The Mental Health Unknowns of COVID-19

For people around the world, the COVID-19 pandemic has meant a major disruption to familiar ways of life. With changes being implemented rapid-fire in response to the immediate need to slow the spread of COVID-19, relatively little is known about what the long-term, secondary consequences of those changes will be.

When it comes to mental health especially, both COVID-19 itself and the measures that have been taken in response are likely to have far-reaching impacts, but we don’t yet know what the extent of those impacts will be. In a new paper published in Lancet Psychiatry, researchers from four countries highlight several pressing research questions, forming what they frame as “a call to action of mental health science.”

These questions relate to several key themes, including:

  • COVID-19 and mental health risk: We can expect that we might see an increase in people with mental health conditions such as anxiety and depression during this time, due to the stressors directly related to COVID-19 and due to factors such as social isolation and economic recession. But we don’t know the extent of increasing mental health risks, or which risks in particular are greatest.
  • Coping with physical distancing: Physical distancing aka social distancing has disrupted many activities that promote mental health. It’s now important to collect evidence on what coping strategies facilitate adjusting to this new way of life.
  • Vulnerable groups on lockdown: When we talk about “vulnerable groups” and coronavirus, usually we’re talking about people who are more likely to experience severe COVID-19 symptoms. But there are also people who are especially vulnerable to the consequences of lockdown and physical distancing measures. These might include people with preexisting mental health conditions, older adults who are socially isolated, those with fewer financial resources, and healthcare workers who are under increased stress. Dealing with the mental health consequences of COVID-19 will require learning about the impact on these groups in particular.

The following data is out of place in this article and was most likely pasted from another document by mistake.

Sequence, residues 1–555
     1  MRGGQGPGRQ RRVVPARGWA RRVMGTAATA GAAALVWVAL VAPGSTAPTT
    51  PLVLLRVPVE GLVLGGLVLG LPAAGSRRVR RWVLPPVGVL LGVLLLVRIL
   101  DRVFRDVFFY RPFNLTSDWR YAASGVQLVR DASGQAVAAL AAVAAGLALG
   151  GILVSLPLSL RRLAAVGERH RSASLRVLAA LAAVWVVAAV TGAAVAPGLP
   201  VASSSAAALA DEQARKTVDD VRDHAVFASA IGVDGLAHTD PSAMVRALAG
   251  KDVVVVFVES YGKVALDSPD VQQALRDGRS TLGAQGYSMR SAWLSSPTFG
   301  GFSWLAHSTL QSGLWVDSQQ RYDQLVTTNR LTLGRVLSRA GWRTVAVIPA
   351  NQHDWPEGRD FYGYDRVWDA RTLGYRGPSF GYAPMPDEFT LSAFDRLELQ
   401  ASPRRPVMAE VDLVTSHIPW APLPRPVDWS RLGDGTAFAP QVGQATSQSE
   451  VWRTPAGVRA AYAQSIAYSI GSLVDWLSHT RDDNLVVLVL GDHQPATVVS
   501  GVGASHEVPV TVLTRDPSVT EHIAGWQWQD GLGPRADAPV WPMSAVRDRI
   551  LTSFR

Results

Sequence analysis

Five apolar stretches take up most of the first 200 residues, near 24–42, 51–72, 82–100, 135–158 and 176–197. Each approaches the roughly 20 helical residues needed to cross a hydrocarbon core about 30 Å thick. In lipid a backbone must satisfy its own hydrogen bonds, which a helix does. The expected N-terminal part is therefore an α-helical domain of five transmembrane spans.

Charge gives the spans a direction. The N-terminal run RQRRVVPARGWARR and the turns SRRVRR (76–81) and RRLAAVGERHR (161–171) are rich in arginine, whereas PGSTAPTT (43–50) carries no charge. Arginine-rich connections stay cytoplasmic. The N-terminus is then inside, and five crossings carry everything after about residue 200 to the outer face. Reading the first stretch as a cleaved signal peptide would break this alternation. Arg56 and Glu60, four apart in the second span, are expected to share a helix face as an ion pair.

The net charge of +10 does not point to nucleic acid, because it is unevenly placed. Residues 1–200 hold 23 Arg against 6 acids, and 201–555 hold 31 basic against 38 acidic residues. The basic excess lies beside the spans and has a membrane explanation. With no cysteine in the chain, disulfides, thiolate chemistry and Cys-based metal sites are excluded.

• Media consumption: Round-the-clock coverage of COVID-19 can keep people informed, but it can also have negative mental health effects if it leads to a constant emphasis on risk and stressful information. As the authors of the paper put it, “Anxiety and uncertainty can drive additional media consumption and further distress, creating a cycle that can be difficult to break.” Research on this topic might lead to strategies individuals can use to manage their own media use and guidelines for how media organizations can cover public health crises like COVID-19 in a way that takes into account mental health.

The authors identified these research priorities both by reviewing relevant literature on the topic and by conducting two surveys of 1,099 and 2,198 people in the UK respectively. One theme that emerged is that while people were somewhat worried about COVID-19 itself, they tended to be even more concerned about social isolation, financial hardship, and “the practical implications of the pandemic response.”

In their paper, the authors highlight several ways researchers can work toward answering these questions. For now, we do some things, such as the fact that quarantine is associated with negative mental health effects. But there’s much more we don’t know, such as what the long-term consequences of putting an entire city on lockdown might be.

Hopefully, then, we’ll soon start to see some of the research programs suggested by the authors being implemented, including with the funding increases that may be necessary. The COVID-19 pandemic has put us in uncharted territory in several ways, and mental health is one of them, so we all stand to benefit from learning more about these current mental health unknowns.

Image: Flickr/byronv2